Eric de Place
For my money, the most important reading stop to make this weekend is at citytank, Dan Bertolet’s nascent project. It’s a think tank about city issues (duh) with a tenor that is part encomium and part wonkfest. Dan’s lined up a roster of heavy hitters to do the writing, which he will no doubt complement with his own able voice. citytank. Go there now.
Also in the transportation and land use arena, I recommend Todd Litman’s salvo, “The First Casualty in a Non-Existent War” (the war on cars, that is), and Elly Blue of Grist on tearing down urban freeways to make room for bikes.
On energy, check out Montanan Ed Gulick as he blasts coal exporting as a major threat to his state’s prosperity. And take a look at Bonnie Frye Hemphill’s terrific short piece, “The Risky Business of Turning On the Lights,” at the Climate Solutions blog:
…history is littered with violence, repression and genocide fueled by oil and atomic bombs. But clean and efficient energy? I dare you to name the nation or paramilitary arming for war with caulking guns.
Lastly—and because I’m eating at a spendy French place tonight—I think it’s worth reading Felix Salmon unpack “The Crowded Restaurant Conundrum” for New York magazine. From there, you might like to traipse over to Vanity Fair and find A. A. Gill’s hilarious gut-buster, “Tour De Gall,” which is about the worst restaurant in the world, and why it’s so popular with the rich and famous.
Find this article interesting? Support more research like this with a gift!
Like most people, I’ve mostly been reading about Libya and Japan this week—oh, and a pile of essays about governance issues, which I’ll save for another day. But I do recommend this light-hearted but on-target blog post about the current spate of overheated rhetoric aimed at bike lanes and this fascinating piece on the importance of collective action to human evolution.
As the director of (and chief fundraiser for) a nonprofit that raises charitable dollars to put high-quality information online for free (where it’s consumed by tens of thousands of mostly nonpaying readers), I’m also watching with fascination as the New York Times prepares to erect a pay wall around some of its content. Will pay-per-view finally take hold on the internet? I’m doubtful, but society does fairly desperately need a new revenue model to support real journalism.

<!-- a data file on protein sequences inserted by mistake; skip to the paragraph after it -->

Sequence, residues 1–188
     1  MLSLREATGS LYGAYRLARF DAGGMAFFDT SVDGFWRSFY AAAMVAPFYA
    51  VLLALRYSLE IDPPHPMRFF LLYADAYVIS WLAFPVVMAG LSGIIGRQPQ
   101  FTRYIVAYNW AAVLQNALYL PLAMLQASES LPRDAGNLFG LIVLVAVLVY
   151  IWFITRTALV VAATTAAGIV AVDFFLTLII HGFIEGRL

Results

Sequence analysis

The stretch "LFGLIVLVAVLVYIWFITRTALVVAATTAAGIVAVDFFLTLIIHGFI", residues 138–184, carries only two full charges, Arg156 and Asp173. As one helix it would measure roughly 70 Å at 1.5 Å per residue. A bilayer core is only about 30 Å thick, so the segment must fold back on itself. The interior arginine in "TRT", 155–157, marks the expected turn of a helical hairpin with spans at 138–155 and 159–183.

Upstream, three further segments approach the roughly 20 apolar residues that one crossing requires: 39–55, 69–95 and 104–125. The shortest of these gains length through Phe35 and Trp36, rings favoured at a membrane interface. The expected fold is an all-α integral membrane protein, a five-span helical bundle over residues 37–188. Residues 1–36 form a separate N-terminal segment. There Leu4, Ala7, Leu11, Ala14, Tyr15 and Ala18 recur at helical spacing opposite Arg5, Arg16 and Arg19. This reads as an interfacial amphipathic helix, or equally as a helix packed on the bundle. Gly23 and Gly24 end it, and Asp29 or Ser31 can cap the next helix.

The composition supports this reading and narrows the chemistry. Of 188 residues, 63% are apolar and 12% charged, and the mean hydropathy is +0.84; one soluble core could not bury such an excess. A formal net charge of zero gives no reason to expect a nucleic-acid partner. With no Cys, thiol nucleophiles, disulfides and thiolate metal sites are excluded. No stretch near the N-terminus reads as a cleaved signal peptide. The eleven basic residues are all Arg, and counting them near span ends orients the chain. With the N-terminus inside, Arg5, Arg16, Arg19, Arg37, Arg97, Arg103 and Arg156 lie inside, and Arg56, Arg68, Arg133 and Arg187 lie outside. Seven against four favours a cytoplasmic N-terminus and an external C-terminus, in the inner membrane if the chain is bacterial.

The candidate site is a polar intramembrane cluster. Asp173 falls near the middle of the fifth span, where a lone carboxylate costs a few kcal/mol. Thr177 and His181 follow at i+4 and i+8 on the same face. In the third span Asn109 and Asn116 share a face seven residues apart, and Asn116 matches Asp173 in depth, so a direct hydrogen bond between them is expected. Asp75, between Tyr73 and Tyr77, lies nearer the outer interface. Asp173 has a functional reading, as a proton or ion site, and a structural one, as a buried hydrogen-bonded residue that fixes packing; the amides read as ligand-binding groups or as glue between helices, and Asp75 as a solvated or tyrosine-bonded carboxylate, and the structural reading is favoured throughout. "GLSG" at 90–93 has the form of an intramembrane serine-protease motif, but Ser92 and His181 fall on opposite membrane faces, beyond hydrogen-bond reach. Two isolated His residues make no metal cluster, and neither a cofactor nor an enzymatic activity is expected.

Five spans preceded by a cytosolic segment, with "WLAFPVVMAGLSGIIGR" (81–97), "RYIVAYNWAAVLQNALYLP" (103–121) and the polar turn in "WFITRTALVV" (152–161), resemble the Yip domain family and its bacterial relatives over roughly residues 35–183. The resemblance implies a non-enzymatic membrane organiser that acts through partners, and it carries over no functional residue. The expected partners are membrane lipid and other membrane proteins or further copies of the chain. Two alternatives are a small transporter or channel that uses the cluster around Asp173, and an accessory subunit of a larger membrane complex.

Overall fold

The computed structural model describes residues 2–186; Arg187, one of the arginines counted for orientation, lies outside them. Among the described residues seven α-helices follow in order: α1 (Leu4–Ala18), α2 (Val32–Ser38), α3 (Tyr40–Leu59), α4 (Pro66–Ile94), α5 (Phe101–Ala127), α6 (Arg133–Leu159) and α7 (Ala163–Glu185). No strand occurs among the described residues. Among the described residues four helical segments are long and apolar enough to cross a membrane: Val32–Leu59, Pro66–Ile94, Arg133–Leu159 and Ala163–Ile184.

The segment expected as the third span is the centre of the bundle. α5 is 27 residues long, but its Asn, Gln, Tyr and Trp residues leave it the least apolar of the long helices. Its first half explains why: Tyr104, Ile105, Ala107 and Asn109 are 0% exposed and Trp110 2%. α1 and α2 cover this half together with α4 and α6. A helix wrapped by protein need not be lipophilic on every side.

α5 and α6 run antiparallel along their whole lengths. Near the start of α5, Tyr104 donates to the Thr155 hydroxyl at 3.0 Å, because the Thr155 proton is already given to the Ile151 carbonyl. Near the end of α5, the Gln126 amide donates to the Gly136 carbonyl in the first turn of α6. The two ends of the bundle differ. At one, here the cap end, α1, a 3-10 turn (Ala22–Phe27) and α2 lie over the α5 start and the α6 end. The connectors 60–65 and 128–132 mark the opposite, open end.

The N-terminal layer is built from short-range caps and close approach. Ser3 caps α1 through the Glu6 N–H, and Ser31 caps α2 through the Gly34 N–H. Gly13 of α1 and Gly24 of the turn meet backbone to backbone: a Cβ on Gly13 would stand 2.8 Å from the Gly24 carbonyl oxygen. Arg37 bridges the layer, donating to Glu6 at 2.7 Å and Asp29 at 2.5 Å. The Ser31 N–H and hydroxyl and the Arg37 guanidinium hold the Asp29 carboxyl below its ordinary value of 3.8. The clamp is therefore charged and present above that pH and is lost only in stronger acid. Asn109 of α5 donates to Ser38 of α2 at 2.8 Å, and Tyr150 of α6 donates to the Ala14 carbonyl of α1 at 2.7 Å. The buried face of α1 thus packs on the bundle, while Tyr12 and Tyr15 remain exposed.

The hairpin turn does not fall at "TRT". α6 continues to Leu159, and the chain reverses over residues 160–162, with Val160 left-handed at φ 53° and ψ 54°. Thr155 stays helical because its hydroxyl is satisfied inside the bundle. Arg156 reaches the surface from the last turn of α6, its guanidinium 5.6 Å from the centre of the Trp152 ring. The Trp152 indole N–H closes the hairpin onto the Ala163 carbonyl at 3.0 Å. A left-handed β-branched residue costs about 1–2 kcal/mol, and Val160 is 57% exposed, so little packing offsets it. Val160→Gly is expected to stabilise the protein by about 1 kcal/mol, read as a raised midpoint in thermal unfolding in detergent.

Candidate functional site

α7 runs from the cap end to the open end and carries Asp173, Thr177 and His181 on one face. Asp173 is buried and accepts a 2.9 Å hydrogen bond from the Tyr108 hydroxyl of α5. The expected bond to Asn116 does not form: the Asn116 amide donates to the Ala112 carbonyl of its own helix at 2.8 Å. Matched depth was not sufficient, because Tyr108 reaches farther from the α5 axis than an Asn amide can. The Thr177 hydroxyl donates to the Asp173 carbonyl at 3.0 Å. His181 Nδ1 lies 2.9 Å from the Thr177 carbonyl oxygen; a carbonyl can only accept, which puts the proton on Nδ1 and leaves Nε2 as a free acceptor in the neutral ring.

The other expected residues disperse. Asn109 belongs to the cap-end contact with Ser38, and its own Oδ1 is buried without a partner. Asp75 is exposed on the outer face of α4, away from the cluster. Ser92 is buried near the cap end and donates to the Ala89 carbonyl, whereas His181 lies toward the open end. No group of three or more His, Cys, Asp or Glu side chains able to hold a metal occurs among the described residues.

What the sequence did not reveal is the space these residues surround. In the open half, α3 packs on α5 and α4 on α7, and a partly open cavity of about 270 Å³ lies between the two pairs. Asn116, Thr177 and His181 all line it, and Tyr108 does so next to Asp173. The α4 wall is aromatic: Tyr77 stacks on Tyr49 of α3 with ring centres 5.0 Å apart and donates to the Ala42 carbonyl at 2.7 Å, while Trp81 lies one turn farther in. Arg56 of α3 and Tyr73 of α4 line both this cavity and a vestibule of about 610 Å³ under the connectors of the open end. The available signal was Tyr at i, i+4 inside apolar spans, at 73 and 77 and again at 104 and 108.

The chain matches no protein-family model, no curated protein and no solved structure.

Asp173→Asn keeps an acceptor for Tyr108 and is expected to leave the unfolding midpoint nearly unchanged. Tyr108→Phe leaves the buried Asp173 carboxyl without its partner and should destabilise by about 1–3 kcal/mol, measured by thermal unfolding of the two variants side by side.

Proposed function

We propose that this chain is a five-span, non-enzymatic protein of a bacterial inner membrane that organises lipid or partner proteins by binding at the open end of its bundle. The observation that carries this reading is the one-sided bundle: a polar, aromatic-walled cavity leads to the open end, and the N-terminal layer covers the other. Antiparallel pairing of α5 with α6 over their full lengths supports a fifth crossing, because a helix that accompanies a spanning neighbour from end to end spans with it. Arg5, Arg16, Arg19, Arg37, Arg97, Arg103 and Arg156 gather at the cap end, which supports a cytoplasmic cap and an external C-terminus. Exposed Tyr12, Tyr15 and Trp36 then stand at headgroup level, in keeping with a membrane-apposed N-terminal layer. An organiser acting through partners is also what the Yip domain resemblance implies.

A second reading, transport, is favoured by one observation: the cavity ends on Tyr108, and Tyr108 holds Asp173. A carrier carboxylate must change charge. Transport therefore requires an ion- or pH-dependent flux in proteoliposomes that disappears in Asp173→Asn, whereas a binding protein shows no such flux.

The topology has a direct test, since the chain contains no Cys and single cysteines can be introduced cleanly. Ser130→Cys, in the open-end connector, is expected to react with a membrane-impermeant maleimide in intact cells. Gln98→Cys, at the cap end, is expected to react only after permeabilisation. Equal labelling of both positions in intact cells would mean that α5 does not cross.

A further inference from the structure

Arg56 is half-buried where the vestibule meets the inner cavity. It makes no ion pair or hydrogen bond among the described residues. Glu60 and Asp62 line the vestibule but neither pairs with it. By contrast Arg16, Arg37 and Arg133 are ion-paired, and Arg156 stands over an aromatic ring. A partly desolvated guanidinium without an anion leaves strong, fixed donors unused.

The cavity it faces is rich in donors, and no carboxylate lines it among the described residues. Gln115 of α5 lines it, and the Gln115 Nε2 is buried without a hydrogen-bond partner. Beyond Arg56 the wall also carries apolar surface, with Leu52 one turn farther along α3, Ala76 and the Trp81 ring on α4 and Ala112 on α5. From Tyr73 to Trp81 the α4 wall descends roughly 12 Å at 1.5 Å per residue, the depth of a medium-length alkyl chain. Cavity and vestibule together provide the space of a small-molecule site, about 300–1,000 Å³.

Road tolling is shaping up to be a major political hot button, because of its ability to both praise and criticism from all parts of the political spectrum. (See, e.g., praise for congestion pricing from the urbanist left and the anti-urbanist right, and equally passionate critiques of highway tolling from both left and right.) The debate over HOT lanes is already warming up in Olympia—but expect to hear an awful lot more about road tolling after the 520 bridge tolls kick in next month.
A new report argues that living in a transit-friendly neighborhood saves energy. Worth it for the very nice visuals—but having read through the report itself, there’s not a lot of new data there.
Sightline pal & former staffer Roger Valdez argues that both sides of Seattle’s Alaskan Way Viaduct debate can find common ground in supporting vibrant, compact, and well-designed cities.
I included it in yesterday’s news roundup, but I’ll link to it again. Dominic Holden’s feature in the Stranger takes a hard look at many of the issue’s surrounding Seattle’s deep-bore tunnel. The article is anything but boring.
And finally, these interactive graphics at the New York Times really bring to light the extent of the devastation Japan is going through (plus, kudos to this 83-year-old woman who outran the tsunami on her bike!).